But, Dr. Battinelli added, "Now let's see how they're doing 5 and 10 years down the
road." The Mount Sinai study did not answer the question.

There are a few other schools in the United States and Canada that admit students without
MCAT scores, but Mount Sinai appears to have gone furthest in eschewing traditional
science preparation, said Dr. Dan Hunt, co-secretary of the Liaison Committee on
Medical Education, the medical school accrediting agency.

The students apply in their sophomore or junior years in college and agree to major in
humanities or social science, rather than the hard sciences. If they are admitted, they are
required to take only basic biology and chemistry, at a level many students accomplish
through Advanced Placement courses in high school.

They forgo organic chemistry, physics and calculus - though they get abbreviated organic
chemistry and physics courses during a summer boot camp run by Mount Sinai. They are
exempt from the MCAT. Instead, they are admitted into the program based on their high
school SAT scores, two personal essays, their high school and early college grades and
interviews.

The study found that, by some measures, the humanities students made more sensitive
doctors: they were more than twice as likely to train as psychiatrists (14 percent
compared with 5.6 percent of their classmates) and somewhat more likely - though less
so than Dr. Kase had expected - to go into primary care fields, like pediatrics and
obstetrics and gynecology (49 percent compared with 39 percent). Conversely, they avoid
some fields, like surgical subspecialties and anesthesiology.

But what surprised the authors the most, they said, was that humanities students were
significantly more likely than their peers to devote a year to scholarly research (28
percent compared with 14 percent). They scored lower on Step 1 of the Medical
Licensing Examination, taken after the second year of medical school, which generally
correlates with scientific knowledge. But over all, they ranked about the same in honors
grades and in the percentage in the top quarter of the class.

Humanities students were also more likely to take a leave of absence for personal
reasons, which could reflect some ambivalence about their choices, the study authors
said.

Typically, 5 percent to 10 percent of the class drops out before getting to medical school.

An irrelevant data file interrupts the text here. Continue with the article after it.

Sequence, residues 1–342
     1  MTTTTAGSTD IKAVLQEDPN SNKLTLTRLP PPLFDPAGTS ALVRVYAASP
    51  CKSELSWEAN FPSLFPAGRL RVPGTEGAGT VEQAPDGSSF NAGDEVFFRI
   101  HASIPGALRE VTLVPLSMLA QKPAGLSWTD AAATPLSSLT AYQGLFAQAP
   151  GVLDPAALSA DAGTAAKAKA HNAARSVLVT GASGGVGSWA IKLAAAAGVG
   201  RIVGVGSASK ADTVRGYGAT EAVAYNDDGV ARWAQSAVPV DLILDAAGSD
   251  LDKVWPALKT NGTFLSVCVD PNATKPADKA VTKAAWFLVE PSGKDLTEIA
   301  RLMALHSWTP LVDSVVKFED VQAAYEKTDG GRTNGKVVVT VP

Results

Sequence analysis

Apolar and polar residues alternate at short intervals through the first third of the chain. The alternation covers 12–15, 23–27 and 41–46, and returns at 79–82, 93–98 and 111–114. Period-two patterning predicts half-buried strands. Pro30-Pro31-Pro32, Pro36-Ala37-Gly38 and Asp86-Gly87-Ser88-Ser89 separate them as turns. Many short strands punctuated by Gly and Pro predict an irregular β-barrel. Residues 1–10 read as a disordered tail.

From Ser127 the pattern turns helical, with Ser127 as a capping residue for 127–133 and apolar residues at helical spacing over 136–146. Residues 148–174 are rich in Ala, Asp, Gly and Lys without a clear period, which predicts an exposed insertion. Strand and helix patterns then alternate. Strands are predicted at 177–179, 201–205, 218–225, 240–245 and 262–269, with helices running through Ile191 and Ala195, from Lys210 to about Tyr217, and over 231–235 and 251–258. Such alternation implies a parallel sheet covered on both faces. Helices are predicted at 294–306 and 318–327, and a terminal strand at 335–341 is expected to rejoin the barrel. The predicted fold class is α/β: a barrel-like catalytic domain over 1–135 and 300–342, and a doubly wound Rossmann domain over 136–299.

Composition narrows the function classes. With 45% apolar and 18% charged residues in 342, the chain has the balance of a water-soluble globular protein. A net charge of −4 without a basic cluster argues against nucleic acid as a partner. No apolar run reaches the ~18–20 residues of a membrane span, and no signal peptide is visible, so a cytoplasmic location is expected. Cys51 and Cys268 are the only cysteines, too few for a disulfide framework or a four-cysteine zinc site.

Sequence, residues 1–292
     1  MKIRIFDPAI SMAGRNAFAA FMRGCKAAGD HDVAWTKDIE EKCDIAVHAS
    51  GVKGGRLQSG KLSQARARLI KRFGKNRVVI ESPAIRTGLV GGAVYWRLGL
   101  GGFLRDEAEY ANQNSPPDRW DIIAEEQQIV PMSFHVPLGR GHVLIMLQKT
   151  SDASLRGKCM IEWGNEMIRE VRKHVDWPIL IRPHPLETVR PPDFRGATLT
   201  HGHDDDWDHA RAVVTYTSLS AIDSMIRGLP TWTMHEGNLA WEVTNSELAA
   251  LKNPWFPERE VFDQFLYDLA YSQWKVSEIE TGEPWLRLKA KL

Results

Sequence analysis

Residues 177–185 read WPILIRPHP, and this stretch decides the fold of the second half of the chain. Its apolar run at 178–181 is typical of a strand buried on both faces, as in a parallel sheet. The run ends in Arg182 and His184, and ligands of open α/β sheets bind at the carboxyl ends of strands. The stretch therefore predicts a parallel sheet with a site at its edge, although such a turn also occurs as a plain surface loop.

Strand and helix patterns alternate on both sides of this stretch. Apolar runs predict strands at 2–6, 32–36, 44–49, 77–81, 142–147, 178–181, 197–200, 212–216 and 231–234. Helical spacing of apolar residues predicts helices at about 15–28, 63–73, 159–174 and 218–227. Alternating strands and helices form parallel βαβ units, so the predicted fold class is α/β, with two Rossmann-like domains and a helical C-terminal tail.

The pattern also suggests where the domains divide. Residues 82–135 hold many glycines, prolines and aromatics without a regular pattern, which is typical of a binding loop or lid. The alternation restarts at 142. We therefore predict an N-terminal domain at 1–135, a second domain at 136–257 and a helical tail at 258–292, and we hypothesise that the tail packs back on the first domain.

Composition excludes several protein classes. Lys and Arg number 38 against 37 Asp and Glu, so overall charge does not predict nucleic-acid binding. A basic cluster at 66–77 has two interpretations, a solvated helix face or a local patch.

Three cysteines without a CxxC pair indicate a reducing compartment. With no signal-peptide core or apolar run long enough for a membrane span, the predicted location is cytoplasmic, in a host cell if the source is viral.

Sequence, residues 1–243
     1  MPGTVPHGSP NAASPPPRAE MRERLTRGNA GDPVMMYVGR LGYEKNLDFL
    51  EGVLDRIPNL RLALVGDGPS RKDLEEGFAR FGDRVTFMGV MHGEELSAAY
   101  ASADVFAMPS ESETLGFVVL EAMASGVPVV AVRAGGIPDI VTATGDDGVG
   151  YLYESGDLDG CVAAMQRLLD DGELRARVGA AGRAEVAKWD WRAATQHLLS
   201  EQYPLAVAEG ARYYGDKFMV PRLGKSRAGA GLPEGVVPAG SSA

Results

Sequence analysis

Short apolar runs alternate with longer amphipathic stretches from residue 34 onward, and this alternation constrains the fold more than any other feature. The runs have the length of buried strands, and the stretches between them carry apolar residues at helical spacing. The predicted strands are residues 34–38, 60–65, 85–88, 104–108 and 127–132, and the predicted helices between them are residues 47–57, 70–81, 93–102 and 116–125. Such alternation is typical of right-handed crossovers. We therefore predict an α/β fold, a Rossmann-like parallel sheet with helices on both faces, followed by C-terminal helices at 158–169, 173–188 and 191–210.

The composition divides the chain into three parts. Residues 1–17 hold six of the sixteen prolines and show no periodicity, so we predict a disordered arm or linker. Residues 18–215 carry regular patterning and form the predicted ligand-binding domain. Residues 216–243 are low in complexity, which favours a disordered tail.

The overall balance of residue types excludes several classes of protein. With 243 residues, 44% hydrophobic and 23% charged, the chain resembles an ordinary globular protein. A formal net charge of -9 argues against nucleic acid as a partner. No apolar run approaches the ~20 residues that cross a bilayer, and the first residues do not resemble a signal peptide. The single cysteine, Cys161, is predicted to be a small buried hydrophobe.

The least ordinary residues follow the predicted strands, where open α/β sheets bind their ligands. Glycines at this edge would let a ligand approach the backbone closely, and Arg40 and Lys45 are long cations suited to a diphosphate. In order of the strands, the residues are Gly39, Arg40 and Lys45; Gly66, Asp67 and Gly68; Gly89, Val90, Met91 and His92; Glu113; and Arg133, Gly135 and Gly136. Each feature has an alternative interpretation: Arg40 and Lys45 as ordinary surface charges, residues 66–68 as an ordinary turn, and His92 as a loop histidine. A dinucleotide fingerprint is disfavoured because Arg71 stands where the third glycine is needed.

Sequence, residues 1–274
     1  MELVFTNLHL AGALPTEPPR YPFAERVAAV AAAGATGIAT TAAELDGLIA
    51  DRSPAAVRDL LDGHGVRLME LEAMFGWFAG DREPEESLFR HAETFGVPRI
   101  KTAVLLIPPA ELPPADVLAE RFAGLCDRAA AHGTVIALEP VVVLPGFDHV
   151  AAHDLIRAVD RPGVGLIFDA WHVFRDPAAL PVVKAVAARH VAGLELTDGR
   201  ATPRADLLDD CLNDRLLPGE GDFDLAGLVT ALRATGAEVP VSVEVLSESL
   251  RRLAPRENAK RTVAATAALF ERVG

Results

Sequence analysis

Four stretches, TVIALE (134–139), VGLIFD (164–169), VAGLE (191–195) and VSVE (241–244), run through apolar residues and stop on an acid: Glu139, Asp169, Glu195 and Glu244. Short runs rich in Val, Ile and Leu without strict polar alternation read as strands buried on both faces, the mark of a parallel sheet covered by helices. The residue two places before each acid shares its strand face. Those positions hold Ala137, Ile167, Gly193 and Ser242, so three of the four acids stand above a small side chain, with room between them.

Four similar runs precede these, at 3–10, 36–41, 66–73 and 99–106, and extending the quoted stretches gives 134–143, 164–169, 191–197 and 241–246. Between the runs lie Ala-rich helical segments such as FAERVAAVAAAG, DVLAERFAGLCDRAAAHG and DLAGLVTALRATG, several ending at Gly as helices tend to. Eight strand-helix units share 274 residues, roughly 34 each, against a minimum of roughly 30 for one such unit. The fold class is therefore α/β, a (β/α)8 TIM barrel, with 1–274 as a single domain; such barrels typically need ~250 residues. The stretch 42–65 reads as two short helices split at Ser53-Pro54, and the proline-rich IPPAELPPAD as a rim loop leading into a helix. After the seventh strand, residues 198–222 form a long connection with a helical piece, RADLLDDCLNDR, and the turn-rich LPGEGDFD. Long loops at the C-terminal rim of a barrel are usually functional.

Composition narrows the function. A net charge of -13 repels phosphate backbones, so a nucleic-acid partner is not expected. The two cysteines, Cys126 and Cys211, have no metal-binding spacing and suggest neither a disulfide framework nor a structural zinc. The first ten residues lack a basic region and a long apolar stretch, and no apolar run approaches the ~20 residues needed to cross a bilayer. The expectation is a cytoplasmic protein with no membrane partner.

Those students cannot handle the science or they have changed their minds about their
intention to be a doctor, said Miki Rifkin, the program director. One who dropped out
was Jonathan Safran Foer, who became an acclaimed novelist.

Dr. Kase founded the Mount Sinai program shortly after a national report on physician
preparation questioned the single-minded focus on hard science.
He began with a few students from five colleges and universities that did not have their
own medical schools - Amherst, Brandeis, Princeton, Wesleyan and Williams - because,
he said, "we did not want to poach."

It has been going full tilt for the past 10 years, and received nearly 300 applications last
year from more than 80 colleges across the country, though admissions heavily favor elite
schools.

Among undergraduates accepted in 2009, the mean SAT math and verbal score was
1444, and the mean freshman G.P.A. was 3.74. About a third of the class had at least one
parent who was a physician; among all medical schools, about one in five has a parent
who is a doctor.

Among the current crop is Ms. Adler, 21, a senior at Brown studying global political
economy and majoring in development studies.

Ms. Adler said she was inspired by her freshman study abroad in Africa. "I didn't want to
waste a class on physics, or waste a class on orgo," she said. "The social determinants of
health are so much more pervasive than the immediate biology of it."

She added that her parents, however, were "thrilled when I decided to go the M.D. route,
because they were worried about my job security."

A classmate in the program, Kathryn Friedman, 21, graduated from the Chapin School in
New York City, before going to Williams, where she is a senior, majoring in political
science. Her mother and uncle are doctors at Mount Sinai; her father, Robert Friedman,
who works in the entertainment business, is on the Mount Sinai Medical Center board.

The humanities program has allowed her to pursue other interests, like playing varsity
tennis and going abroad, she said. When her pre-med classmates hear about the program,
she said, "a lot of them are jealous."

She added, "They are, like, 'Wow, I wish I had known about that.' "



This article has been revised to reflect the following correction:

SOURCE ARTICLE
Academic Medicine:
August 2010 - Volume 85 - Issue 8 - pp 1378-1383
doi: 10.1097/ACM.0b013e3181dbf22a
Premedical Requirements
Internet Site:
http://journals.lww.com/academicmedicine/Fulltext/2010/08000/Challenging_T
raditional_Premedical_Requirements_as.26.aspx